As we have discussed in the previous section, aggregating the work of software developers into numbers has many disadvantages. However, information in a software repository has to be aggregated to enable awareness without having to look at every artifact created, modified, or deleted. With this in mind, in our earlier work , we presented our study participants with the following scenario: “Assume it’s Monday morning and you have just returned from a week-long vacation. One of your colleagues is giving you an update on their development activities last week.” We then asked them what information they would expect to be included in such a summary. In the following paragraphs, we summarize the answers we received from developers.
Many of the events in the day-to-day work of software developers can be categorized according to whether they are expected or unexpected. Expected events comprise status updates that are generally not surprising to a software developer—such as a development task moving from open to closed—while unexpected events are unforeseen, for example the presence of a critical bug. Our participants requested that both kinds of events should be included in summaries of development activity.
Summaries of expected events in software development projects are mostly concerned with how different artifacts, such as development tasks or user stories, move through the development cycle. For example, one participant requested what they called “task state transition history—which tasks were taken, which were done, which were tested.” An important dimension of expectations is planning—our participants were also interested to hear about short-term and long-term plans as well as the goals driving these plans.
Basic awareness tools for software developers typically support this kind of awareness of development artifacts and plans. For example, a burndown chart visualizes the actual work being done compared to a plan, and a kanban board shows tasks along with their current status. However, these tools are still limited in their expressiveness: A burndown chart cannot explain why a project is not on track, and it can also easily be misinterpreted as measuring productivity. In addition, it can be gamed, for example by overestimating user stories. Kanban boards can aggregate only to a certain extent—if the number of tasks or work items included in the kanban board becomes too large, it becomes hard to obtain a high-level overview of the project status from looking at the board.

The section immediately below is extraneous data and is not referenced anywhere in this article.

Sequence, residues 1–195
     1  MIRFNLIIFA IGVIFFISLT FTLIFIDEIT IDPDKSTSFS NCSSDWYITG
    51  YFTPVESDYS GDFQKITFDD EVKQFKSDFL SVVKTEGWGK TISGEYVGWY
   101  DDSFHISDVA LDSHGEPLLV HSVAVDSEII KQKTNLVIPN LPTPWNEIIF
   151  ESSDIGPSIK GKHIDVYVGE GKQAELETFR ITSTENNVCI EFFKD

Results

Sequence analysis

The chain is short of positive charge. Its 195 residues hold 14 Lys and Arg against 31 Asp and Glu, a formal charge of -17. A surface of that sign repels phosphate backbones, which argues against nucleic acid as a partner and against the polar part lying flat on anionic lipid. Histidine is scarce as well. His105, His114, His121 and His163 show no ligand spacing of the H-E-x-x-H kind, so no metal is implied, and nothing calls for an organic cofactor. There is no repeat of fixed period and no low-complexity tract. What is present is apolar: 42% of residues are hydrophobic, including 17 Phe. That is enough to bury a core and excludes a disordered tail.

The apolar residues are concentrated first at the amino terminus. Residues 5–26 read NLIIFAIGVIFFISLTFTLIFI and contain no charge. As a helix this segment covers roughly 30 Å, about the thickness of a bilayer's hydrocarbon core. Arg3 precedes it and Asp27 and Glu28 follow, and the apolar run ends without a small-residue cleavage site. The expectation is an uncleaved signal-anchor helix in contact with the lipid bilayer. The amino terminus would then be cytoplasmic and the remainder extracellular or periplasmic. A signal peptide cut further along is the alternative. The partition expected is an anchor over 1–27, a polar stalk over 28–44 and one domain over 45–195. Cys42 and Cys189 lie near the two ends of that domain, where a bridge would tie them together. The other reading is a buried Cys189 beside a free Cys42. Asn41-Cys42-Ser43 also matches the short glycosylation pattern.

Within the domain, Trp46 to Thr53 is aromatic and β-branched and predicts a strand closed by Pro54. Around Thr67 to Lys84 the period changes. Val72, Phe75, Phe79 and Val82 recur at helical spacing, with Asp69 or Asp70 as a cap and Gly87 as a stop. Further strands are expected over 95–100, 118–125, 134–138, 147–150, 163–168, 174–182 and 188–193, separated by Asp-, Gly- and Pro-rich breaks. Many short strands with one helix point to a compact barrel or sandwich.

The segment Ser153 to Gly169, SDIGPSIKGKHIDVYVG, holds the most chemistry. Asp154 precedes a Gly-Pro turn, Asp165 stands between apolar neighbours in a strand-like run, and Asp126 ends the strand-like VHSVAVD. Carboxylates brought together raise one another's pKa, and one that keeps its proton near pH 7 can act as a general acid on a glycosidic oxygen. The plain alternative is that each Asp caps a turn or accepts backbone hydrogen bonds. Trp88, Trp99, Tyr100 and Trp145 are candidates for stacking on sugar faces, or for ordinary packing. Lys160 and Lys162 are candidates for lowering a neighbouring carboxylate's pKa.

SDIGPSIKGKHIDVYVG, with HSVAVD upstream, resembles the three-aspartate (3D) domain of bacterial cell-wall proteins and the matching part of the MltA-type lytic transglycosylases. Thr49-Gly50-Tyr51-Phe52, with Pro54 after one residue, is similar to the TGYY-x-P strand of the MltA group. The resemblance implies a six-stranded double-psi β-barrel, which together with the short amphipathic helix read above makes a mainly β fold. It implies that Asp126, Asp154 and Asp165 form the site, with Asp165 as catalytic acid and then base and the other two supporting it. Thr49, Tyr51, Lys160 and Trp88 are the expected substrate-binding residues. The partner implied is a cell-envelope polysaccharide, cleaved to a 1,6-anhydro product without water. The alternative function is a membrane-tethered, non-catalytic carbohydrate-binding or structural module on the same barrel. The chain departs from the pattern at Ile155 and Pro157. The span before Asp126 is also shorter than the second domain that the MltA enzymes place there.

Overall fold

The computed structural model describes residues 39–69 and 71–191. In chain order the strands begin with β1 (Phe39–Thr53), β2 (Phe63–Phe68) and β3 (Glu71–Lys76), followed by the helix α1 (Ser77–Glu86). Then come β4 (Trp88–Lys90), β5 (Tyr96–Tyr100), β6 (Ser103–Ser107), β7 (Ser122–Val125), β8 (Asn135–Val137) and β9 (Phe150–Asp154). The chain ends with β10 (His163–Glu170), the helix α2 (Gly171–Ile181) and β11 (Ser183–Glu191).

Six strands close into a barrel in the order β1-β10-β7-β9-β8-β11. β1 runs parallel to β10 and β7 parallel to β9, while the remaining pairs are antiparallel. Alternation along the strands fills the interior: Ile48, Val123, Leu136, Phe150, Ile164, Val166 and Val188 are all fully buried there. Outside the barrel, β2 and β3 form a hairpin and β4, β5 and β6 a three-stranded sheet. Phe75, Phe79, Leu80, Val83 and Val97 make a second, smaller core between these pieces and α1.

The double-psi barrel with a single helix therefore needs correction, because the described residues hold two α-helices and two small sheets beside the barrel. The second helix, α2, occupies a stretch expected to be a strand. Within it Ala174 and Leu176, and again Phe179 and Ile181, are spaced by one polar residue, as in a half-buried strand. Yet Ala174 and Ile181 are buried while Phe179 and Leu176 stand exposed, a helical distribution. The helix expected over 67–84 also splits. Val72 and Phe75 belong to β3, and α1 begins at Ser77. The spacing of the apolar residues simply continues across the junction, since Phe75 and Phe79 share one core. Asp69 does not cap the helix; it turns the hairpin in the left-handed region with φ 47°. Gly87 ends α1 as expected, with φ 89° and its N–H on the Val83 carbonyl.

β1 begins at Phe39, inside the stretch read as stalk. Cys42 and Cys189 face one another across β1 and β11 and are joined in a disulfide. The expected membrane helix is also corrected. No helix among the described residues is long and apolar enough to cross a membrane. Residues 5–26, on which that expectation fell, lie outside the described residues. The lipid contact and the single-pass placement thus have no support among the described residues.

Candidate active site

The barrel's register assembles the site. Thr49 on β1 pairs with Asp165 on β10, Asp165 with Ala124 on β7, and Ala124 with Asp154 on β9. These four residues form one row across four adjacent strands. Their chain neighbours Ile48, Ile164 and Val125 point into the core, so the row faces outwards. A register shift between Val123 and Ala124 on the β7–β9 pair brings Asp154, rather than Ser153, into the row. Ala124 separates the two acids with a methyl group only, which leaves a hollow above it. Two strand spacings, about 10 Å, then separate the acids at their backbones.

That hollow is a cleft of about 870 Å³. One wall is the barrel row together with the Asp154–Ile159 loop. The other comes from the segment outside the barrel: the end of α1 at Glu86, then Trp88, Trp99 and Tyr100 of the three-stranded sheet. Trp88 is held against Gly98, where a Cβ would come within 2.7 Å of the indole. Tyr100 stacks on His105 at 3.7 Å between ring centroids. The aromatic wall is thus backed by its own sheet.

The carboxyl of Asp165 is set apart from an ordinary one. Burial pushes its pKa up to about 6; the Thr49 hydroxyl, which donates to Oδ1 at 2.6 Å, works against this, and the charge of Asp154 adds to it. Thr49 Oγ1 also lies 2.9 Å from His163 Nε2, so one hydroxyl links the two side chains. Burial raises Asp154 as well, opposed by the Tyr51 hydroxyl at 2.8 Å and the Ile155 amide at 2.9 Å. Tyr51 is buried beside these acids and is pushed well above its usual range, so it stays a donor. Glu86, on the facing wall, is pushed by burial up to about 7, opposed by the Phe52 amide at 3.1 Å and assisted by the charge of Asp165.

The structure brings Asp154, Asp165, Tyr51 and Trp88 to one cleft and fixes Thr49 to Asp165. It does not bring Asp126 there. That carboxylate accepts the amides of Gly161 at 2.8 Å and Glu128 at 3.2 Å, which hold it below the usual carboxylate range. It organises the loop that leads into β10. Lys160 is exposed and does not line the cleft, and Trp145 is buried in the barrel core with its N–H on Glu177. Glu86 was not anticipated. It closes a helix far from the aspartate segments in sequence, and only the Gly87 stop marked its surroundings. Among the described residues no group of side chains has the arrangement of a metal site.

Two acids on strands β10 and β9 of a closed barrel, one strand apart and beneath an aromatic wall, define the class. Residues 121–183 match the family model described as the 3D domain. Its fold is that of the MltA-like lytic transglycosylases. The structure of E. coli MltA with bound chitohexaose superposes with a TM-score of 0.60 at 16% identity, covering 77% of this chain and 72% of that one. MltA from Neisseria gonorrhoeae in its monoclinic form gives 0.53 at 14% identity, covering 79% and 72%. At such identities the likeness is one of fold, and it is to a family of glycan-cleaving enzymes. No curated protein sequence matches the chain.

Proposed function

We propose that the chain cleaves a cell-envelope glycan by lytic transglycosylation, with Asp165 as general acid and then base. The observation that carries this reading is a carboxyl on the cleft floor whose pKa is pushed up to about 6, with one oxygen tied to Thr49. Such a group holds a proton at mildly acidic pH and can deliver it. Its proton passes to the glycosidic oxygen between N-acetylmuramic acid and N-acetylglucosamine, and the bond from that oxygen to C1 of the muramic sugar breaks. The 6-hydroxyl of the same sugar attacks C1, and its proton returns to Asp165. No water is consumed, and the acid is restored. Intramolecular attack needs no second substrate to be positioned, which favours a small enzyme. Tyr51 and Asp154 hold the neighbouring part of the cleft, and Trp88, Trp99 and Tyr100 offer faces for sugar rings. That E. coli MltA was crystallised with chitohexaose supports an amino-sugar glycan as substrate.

If everything in a software project is progressing as expected, no particular action outside of a developer’s routine might be required. However, things tend not to always go according to plan in software projects. Requirements might change, a major refactoring might be needed, or a critical bug might be discovered. In those situations, developers need to act, which explains why anything unexpected should play a major role in a summary of software development activity: “We cut our developer status meetings way down and started stand up meetings focusing on problems and new findings rather than dead-boring status. [The] only important point is when something is not on track, going faster than expected and why.”
When we asked our participants about how to automatically detect such unexpected events, several examples were mentioned, in particular related to the commit history: “Commits that take particularly long might be interesting. If a developer hasn’t committed anything in a while, his first commit after a long silence could be particularly interesting, for example because it took him a long time to fix a bug. Also, important commits might have unusual commit messages, for example including smileys, lots of exclamation marks, or something like that…basically something indicating that the developer was emotional about that particular commit.” While developer tools that summarize expected events already exist—albeit often still focusing on numbers rather than textual content—research on what constitutes important unexpected events in a software project is still in its infancy.